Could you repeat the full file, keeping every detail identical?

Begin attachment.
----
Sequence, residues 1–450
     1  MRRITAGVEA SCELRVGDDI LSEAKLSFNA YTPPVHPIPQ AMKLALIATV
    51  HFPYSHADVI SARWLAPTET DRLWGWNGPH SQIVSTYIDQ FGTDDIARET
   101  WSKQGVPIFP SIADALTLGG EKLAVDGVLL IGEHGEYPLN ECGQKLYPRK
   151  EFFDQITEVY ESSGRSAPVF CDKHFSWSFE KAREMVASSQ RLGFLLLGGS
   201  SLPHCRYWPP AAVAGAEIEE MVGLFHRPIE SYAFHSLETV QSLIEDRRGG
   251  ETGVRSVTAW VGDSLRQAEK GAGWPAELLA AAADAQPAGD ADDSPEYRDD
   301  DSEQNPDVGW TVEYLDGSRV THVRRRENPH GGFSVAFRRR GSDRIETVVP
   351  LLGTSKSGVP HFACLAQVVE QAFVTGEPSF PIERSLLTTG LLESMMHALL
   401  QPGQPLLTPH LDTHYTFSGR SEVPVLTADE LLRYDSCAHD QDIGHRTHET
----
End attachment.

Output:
Sequence, residues 1–450
     1  MRRITAGVEA SCELRVGDDI LSEAKLSFNA YTPPVHPIPQ AMKLALIATV
    51  HFPYSHADVI SARWLAPTET DRLWGWNGPH SQIVSTYIDQ FGTDDIARET
   101  WSKQGVPIFP SIADALTLGG EKLAVDGVLL IGEHGEYPLN ECGQKLYPRK
   151  EFFDQITEVY ESSGRSAPVF CDKHFSWSFE KAREMVASSQ RLGFLLLGGS
   201  SLPHCRYWPP AAVAGAEIEE MVGLFHRPIE SYAFHSLETV QSLIEDRRGG
   251  ETGVRSVTAW VGDSLRQAEK GAGWPAELLA AAADAQPAGD ADDSPEYRDD
   301  DSEQNPDVGW TVEYLDGSRV THVRRRENPH GGFSVAFRRR GSDRIETVVP
   351  LLGTSKSGVP HFACLAQVVE QAFVTGEPSF PIERSLLTTG LLESMMHALL
   401  QPGQPLLTPH LDTHYTFSGR SEVPVLTADE LLRYDSCAHD QDIGHRTHET